Khasi Hills research project (Arts, Prof. Andrew May)
This project examines the impact of British Colonialism on the Khasi Hills of Northwest India. The research process will involve the curation and interrelation of material on the Khasi Hills to enable crowd-sourced transcription and bilingual translation. The project is in early stage planning with the SCIP team.

Researching Histories of Child Refugees in Australia (Arts, Dr Mary Tomsic, Prof. Joy Damousi)
Through researching the history of child refugees as well as campaigns undertaken on behalf of child refugees during the twentieth and twenty-first centuries, a more complex understating of how children are placed within national and international relationships will be revealed. Researchers in the project team are examining shifting understandings of child refugees, and children more generally, through public policies, personal memories and visual imagery. These ideals will be examined in a range of archival sources including official documentation, media reports, photography, art, literature, personal testimony as well as on social media. The project is in early stage planning with the SCIP team.

Child+Adult Art Response Projects (MGSE, Dr Marnee Watkins, Gina Grant)
This project generates digitised art works and interview data. These will generate a bank of quality images and voice data with potential for accessing and placing different research lenses for analysis, and synthesis for presentations, publications, and grant applications. The outcome will be quality visible / audible exemplars of visual arts practice that can be accessed for current and future research and for sharing with the professional community.

Arts Education Artefacts (MGSE, Dr Marnee Watkins, Jennifer Stevens-Ballinger)
In arts education, the production of student work - from conception, through the learning process, to the final arts artfect - is a primary form of research data. Digitising students’ visual art, music, and integrated arts works and performances has allow us to access and place different research lenses over the data for analysis, and synthesis for presentations, publications, and grant applications. The project is establishing a repository for the management and access of the existing research data and to support the collection of future research data.

Sands & McDougall Melbourne Directories (Arts, Prof. Andrew May)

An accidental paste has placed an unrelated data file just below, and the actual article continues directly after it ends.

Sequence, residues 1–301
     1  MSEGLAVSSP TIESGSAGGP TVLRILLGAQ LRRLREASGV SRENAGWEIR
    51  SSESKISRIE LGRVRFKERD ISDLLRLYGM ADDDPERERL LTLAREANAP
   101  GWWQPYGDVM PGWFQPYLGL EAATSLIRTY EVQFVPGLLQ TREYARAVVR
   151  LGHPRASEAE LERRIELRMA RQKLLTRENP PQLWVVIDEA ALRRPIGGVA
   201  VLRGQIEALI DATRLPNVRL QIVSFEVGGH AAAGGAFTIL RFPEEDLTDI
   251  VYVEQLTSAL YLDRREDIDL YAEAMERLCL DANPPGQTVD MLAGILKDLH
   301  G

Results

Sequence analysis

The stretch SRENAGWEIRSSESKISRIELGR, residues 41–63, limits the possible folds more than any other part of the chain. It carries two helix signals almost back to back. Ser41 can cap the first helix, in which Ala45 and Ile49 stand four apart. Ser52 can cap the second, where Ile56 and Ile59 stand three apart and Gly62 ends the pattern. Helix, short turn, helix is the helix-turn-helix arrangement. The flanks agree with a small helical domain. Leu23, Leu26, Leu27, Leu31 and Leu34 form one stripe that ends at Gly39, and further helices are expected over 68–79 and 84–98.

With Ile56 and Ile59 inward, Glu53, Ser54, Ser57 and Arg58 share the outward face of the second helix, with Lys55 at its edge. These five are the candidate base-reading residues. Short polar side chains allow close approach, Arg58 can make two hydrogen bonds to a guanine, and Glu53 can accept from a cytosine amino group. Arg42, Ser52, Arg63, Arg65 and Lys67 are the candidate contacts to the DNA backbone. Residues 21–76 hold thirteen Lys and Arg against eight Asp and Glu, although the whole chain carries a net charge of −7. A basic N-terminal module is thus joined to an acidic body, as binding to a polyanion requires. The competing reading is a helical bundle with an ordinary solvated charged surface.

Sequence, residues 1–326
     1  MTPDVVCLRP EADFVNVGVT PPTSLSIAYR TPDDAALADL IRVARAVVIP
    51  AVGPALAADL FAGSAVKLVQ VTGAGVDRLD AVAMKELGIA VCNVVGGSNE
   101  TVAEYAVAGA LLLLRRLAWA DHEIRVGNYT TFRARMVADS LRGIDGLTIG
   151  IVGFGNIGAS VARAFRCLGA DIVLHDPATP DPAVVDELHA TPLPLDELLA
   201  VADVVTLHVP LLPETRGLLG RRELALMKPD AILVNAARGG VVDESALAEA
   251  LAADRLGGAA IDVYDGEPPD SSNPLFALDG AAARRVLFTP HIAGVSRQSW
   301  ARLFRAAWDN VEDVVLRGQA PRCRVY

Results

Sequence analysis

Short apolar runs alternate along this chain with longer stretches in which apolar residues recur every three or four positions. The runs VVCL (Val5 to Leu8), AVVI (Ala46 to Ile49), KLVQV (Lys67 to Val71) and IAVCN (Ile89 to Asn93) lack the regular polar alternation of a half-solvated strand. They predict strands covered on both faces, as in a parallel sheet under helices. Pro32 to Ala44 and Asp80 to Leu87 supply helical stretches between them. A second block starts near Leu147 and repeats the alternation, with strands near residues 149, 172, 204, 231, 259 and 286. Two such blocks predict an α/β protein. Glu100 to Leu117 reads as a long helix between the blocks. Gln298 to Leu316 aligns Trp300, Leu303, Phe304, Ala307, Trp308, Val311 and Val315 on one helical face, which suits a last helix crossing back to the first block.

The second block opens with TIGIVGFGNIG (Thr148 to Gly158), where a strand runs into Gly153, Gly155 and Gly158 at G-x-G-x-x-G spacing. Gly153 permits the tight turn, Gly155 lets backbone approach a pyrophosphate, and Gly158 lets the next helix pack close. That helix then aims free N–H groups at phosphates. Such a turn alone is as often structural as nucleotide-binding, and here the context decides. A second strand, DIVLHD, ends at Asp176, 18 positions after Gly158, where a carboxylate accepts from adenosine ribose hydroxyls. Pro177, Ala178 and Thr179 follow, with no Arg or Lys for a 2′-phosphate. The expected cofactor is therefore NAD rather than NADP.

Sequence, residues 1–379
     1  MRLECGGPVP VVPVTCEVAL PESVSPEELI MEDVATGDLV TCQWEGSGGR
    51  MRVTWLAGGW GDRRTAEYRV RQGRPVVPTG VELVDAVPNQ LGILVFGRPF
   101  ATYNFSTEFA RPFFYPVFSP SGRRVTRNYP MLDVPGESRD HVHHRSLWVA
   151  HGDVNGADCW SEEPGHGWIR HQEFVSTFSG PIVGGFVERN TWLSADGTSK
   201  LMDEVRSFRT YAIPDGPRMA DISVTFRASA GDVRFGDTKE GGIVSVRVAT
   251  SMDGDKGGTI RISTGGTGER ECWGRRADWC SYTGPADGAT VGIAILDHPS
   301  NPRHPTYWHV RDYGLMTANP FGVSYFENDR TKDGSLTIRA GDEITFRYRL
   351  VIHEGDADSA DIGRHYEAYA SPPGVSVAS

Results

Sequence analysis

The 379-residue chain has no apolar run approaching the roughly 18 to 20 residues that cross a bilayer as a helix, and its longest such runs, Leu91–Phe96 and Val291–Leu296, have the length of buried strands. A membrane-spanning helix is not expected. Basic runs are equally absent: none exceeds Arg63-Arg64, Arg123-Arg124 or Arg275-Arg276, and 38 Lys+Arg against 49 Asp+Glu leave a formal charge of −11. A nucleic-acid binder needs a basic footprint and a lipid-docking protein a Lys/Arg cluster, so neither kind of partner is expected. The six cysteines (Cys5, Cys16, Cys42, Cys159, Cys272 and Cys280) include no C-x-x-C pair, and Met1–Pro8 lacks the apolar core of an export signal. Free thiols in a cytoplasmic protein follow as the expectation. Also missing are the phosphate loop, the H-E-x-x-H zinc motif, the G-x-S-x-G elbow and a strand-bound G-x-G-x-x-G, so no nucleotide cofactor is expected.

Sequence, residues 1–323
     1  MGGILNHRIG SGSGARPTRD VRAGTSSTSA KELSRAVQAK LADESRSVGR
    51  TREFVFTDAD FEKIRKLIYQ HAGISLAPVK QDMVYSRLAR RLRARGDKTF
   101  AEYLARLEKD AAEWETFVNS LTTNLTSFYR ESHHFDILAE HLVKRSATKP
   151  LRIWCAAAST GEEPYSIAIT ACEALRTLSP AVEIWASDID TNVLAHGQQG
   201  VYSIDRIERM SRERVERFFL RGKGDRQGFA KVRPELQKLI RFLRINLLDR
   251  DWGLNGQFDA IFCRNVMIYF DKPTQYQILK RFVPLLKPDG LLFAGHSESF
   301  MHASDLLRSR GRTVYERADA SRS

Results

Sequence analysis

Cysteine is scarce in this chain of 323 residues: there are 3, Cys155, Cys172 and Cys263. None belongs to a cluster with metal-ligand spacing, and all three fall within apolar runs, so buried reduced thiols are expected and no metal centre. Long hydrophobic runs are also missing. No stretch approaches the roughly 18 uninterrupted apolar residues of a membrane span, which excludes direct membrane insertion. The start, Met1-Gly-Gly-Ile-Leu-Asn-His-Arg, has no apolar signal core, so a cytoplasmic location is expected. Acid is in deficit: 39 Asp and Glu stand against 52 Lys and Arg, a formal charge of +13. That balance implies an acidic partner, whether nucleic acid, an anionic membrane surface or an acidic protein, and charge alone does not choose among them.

The Baillieu library holds hard copies of Melbourne directories published first as Sands & Kenny's directory (1857-1859), then Sands, Kenny & Co.'s directory (1860-1861) and finally as the Sands & McDougall's directory. Information in the directories reflects the expansion of the metropolis and development of its social and commercial life. The outcome of this digitisation project will be that the directory data will become available for further targeted and systematic analysis, and become a vital additional resource on www.emelbourne.net.au. Data will also be specifically utilised in various pilot projects.

Schools Curriculum Policies Project (MGSE, Prof. Lyn Yates)
The project aimed to provide an overview analysis of curriculum formulation across the different Australian states. Many State Education departments do not keep comprehensive archives of their curriculum policy documentation. The project focused on the key documents evident at 10 year intervals between 1975 and 2005. SCIP supported the digitisation workflow of 492 policy documents that were exported into the special collections repository. The eScholarship Research Centre's OHRM platform has been used to establish an online knowledge base to facilitate access and research at scpp.esrc.unimelb.edu.au.

Engaging the Disengaged Project (MGSE, A/Prof. Neryl Jeanneret)
This project aims to creative thinking, and intercultural, personal and social knowledge in low Socio-Economic Status schoolsinvestigate the impact of a more culturally inclusive pedagogy on student engagement, musical, critical and creative thinking, and intercultural, personal and social knowledge in low Socio-Economic Status schools. Through a longitudinal, mixed methods approach with education sector partners it aims to generate new understanding about how music education can engage disadvantaged groups in schooling.